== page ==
Direction of light is a factor that very much depends on the application. Most of the bulbs in stock put out light primarily in one direction, and these are suitable for downlighting, ceiling fans, track lighting, and the like — and will actually be more efficient in these applications as they will waste less light in directions that are not useful. These are also suitable for hallway lights where one does not necessarily have to have first-rate lighting. However, these will not be useful for table lamps or the like. Table lamps will require what are called omnidirectional bulbs. Look for it on the packaging.
That concludes the most important factors to consider about LED lighting, and casual readers may stop here — but for those wishing to know more:
The explanation for why LEDs have problems with heat, despite being far more efficient than incandescent bulbs, is this: incandescent bulbs and LEDs both generate far more heat than visible light, and incandescent bulbs generate far more heat than LEDs, but incandescent bulbs emit most of that heat as infrared light which is not visible to humans, thus solving the heat dissipation problem. Curiously, this means that the bulb portion of an LED is actually cooler than an incandescent, but LEDs still have trouble shedding heat.
A more complete list of the advantages and disadvantages of LEDs:
Highly efficient (much more efficient than incandescents, slightly more efficient than fluorescent)
Long life expectancy (50,000 hours or more before significant dimming)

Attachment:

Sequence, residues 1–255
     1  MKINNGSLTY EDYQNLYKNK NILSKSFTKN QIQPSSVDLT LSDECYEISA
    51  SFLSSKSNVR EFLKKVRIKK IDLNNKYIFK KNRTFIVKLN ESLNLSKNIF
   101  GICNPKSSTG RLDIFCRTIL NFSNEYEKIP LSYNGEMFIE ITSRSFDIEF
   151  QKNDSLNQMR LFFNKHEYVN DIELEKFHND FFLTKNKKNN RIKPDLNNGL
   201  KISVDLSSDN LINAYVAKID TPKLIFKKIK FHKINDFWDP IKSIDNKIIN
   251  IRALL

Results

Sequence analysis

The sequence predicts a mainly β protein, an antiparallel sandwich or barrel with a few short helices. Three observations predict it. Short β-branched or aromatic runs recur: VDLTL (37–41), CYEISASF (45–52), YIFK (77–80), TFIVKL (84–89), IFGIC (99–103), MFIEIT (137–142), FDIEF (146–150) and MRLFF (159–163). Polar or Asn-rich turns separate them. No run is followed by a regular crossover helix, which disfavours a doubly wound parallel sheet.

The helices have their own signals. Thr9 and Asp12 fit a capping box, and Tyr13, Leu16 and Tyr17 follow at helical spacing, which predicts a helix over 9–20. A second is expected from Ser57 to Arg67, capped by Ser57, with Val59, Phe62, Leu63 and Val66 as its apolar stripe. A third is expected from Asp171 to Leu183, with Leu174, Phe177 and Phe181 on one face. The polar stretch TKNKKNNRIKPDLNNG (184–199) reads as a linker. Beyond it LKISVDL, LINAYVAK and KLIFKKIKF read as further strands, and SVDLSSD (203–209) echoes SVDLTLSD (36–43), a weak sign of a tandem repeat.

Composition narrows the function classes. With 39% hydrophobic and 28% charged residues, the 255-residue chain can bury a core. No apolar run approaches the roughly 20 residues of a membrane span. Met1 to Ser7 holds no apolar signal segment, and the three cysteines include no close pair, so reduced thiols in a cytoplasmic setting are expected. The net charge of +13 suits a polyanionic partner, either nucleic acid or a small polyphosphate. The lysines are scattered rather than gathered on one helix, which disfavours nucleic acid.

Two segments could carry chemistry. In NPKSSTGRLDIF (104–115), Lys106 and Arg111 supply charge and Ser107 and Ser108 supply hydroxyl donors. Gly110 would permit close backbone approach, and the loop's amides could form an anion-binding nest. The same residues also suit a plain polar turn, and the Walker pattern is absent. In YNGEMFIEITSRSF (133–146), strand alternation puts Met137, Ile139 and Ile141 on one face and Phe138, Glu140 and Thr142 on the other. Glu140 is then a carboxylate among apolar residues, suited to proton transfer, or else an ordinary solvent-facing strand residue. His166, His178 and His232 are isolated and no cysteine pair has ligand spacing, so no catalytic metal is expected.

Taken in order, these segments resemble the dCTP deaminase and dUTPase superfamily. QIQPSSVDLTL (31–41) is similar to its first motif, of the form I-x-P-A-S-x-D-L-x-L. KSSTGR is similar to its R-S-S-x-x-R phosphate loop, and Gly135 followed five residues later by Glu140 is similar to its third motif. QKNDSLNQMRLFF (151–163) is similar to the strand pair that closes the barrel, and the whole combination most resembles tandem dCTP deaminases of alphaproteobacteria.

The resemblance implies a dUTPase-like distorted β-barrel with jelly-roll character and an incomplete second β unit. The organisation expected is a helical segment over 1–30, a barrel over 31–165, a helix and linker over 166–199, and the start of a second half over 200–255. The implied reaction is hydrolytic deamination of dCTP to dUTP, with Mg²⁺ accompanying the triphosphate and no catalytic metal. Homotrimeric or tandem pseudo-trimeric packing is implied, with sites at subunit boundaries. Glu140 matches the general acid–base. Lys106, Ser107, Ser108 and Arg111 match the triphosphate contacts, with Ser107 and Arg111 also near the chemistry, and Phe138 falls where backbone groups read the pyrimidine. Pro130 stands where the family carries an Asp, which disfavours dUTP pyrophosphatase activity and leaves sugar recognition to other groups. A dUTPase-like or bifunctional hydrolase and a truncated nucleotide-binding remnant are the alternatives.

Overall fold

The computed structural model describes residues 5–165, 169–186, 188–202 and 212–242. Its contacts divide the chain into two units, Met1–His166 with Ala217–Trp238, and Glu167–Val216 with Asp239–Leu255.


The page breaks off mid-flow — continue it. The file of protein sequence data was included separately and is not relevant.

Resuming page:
High quality of light (no flickering, pretty good spectrum)
Can produce white light ranging from yellowish to bluish (and much more)
Produce less heat for the amount of visible light, which means lower cooling costs
Quiet operation (unlike fluorescent)
Turn on instantly (unlike fluorescents)
Color-changing bulbs are available (and pretty neat)
Have difficulty shedding the heat they do produce
Sensitive to heat
Some models cannot be used with a dimmer switch
Output is directional (an advantage in some circumstances)
Expensive (though prices are rapidly falling)
Low power factor (typically ranges from .5 to .9 depending on the model - 1.0 would be perfect - this slightly reduces efficiency)
Output decreases over time
Some qualifiers: Regarding longevity, of about 30 bulbs I have experimented with, two have failed. One simply stopped working despite very low wattage and relatively low use over several years, the other (a well known international brand) simply burned up, despite having plenty of access to air, and left scorch marks on the socket.
Most models offered for sale in stores are now dimmable, but do check the packaging to be sure. As always, dimming light bulbs reduces their efficiency, so consider whether you could get the same effect by turning off some of the lights rather than dimming all of them. LED lights will not dim as far as incandescent lights will, but might dim to half their usual brightness.